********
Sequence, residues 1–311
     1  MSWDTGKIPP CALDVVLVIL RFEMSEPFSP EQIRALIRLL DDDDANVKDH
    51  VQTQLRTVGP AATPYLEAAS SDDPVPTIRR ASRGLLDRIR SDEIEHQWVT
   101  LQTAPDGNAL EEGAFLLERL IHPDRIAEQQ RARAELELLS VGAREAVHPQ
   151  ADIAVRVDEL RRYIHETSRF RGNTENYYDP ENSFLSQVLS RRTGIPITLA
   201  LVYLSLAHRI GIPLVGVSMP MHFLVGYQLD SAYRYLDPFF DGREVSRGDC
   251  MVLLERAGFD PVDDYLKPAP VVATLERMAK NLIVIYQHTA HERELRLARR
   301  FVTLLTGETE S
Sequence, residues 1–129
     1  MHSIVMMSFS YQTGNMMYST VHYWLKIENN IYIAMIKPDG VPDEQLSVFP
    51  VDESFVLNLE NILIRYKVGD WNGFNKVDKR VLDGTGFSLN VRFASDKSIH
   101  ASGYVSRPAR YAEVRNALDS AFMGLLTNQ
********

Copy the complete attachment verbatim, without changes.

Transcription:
Sequence, residues 1–311
     1  MSWDTGKIPP CALDVVLVIL RFEMSEPFSP EQIRALIRLL DDDDANVKDH
    51  VQTQLRTVGP AATPYLEAAS SDDPVPTIRR ASRGLLDRIR SDEIEHQWVT
   101  LQTAPDGNAL EEGAFLLERL IHPDRIAEQQ RARAELELLS VGAREAVHPQ
   151  ADIAVRVDEL RRYIHETSRF RGNTENYYDP ENSFLSQVLS RRTGIPITLA
   201  LVYLSLAHRI GIPLVGVSMP MHFLVGYQLD SAYRYLDPFF DGREVSRGDC
   251  MVLLERAGFD PVDDYLKPAP VVATLERMAK NLIVIYQHTA HERELRLARR
   301  FVTLLTGETE S
Sequence, residues 1–129
     1  MHSIVMMSFS YQTGNMMYST VHYWLKIENN IYIAMIKPDG VPDEQLSVFP
    51  VDESFVLNLE NILIRYKVGD WNGFNKVDKR VLDGTGFSLN VRFASDKSIH
   101  ASGYVSRPAR YAEVRNALDS AFMGLLTNQ